- Is this a claimant’s or defendant’s offer? Another important decision on Part 36
- Clarification of a Part 36 offer has a major effect on costs.
- Costs where a claimant accepts a Part 36 offer late: two cases where the claimant came to grief
- Another case where there was an invalid Part 36 offer
- Is this a Part 36 offer I see before me? That’s an important question
- How relevant are Part 36 offers to issue based orders?
- Knowing the risks and advantages for the claimant in the new Part 36.
- The costs consequences of Part 36 offers: do they always apply? The cases in detail.
- Costs consequences of Part 36 offers: some interesting examples
- Costs, conduct, Part 36 and the “Winning Party”.
- Interest and costs when a claimant beats their own Part 36 offer.
- Costs of £7 million: Part 36 bites hard on claimants who cleared a first hurdle but fell at the second.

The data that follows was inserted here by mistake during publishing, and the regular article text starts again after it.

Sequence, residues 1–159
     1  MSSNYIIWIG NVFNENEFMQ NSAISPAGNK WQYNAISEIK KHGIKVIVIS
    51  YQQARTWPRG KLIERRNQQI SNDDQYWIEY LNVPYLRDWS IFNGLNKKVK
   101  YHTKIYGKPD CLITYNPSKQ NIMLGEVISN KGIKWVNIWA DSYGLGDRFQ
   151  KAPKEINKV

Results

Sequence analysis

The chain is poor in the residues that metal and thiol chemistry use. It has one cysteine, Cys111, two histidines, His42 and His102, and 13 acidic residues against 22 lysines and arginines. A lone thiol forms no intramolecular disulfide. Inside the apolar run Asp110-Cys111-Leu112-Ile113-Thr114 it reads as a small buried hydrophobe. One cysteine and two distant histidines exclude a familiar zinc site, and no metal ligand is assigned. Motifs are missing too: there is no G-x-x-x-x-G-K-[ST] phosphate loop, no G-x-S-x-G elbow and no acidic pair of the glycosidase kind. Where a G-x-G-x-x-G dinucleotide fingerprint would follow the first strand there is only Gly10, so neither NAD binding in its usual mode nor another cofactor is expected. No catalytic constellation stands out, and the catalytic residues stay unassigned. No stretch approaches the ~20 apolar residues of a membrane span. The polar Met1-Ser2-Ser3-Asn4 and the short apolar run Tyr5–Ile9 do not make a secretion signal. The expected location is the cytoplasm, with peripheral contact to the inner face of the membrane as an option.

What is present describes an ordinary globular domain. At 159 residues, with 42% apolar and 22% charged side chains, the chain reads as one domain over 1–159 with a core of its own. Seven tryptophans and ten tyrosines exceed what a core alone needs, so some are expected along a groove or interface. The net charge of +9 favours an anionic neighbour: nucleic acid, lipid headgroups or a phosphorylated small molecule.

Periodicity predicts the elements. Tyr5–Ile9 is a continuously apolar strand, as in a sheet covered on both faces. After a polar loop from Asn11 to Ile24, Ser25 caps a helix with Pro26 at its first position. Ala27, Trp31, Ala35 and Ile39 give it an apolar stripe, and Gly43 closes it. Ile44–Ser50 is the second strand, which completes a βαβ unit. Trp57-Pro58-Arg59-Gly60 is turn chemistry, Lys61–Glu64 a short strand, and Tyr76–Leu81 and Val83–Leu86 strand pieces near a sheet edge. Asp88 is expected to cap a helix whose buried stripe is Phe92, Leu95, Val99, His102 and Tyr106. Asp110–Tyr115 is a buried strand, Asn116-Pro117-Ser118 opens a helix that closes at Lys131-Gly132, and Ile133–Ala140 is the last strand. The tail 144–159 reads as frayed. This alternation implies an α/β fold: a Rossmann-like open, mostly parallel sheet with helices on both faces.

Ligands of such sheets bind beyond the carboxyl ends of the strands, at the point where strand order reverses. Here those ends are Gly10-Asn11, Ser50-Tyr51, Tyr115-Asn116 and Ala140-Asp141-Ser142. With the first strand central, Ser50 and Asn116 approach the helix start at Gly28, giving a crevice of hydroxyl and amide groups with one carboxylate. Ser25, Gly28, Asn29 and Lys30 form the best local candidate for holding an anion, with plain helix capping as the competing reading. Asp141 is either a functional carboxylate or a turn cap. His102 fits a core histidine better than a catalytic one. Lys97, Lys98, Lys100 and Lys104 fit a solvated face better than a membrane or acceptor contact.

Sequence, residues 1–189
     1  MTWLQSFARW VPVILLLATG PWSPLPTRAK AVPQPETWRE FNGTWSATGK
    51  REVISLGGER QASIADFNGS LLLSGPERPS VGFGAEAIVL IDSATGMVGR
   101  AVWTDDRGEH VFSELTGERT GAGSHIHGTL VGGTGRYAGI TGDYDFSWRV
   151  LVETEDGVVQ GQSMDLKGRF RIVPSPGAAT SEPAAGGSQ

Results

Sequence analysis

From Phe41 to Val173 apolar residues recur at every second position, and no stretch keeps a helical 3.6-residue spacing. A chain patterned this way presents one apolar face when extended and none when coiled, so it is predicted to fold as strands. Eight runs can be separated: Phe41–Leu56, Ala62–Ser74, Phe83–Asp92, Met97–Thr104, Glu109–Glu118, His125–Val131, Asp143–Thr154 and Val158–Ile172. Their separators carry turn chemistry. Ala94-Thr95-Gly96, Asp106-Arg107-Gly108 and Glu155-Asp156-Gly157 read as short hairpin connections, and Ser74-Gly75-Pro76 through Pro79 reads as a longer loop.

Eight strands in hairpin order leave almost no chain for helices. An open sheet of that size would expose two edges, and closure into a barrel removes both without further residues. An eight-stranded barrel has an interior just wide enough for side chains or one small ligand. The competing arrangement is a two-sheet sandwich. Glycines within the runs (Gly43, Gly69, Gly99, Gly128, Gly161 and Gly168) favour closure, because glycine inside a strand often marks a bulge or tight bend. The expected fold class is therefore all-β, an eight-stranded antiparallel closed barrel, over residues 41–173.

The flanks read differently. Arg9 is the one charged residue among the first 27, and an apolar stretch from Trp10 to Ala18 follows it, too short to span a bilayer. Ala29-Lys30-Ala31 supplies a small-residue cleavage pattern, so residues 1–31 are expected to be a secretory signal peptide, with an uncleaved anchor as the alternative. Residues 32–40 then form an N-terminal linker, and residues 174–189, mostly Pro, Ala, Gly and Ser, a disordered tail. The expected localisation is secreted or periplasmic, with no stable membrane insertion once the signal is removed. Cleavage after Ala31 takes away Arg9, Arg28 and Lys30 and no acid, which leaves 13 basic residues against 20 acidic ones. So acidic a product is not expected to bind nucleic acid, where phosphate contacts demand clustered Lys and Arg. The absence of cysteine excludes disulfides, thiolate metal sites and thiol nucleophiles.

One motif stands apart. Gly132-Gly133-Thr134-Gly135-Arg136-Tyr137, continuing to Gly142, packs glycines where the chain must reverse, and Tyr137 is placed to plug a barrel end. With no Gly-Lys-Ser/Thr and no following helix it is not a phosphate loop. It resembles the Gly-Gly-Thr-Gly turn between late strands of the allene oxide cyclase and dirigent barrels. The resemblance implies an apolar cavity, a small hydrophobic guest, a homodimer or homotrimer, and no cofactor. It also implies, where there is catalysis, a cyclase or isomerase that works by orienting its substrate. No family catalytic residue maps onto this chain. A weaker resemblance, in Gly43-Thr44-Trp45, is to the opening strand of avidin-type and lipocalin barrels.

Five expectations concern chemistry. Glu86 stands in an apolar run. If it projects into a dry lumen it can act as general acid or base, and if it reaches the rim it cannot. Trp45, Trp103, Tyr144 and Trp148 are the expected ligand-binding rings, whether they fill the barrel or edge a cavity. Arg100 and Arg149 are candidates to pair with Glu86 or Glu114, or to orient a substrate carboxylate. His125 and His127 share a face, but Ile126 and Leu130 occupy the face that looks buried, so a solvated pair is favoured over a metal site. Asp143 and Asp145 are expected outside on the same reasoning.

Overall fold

- Claimant beats own Part 36 offer and receives an additional £75,000 in damages.
- The dangers of a Part 36 offer: Claimant pays three times more in costs than he receives in damages.
- Another example of a successful defendant not recovering all of its costs (and of the advantages of a Part 36 offer).
- Percentage costs orders after a claimant beats their own Part 36 offer: a High Court decision.
- Very important decision on Part 36 offers, assessment of costs and additional amounts when offers not beaten.
- Increased interest and costs after claimant beats its own Part 36 offer.
- Part 36 offer does not override the need to serve the claim form.
- Part 36: Indemnity costs when a defendant accepts out of time.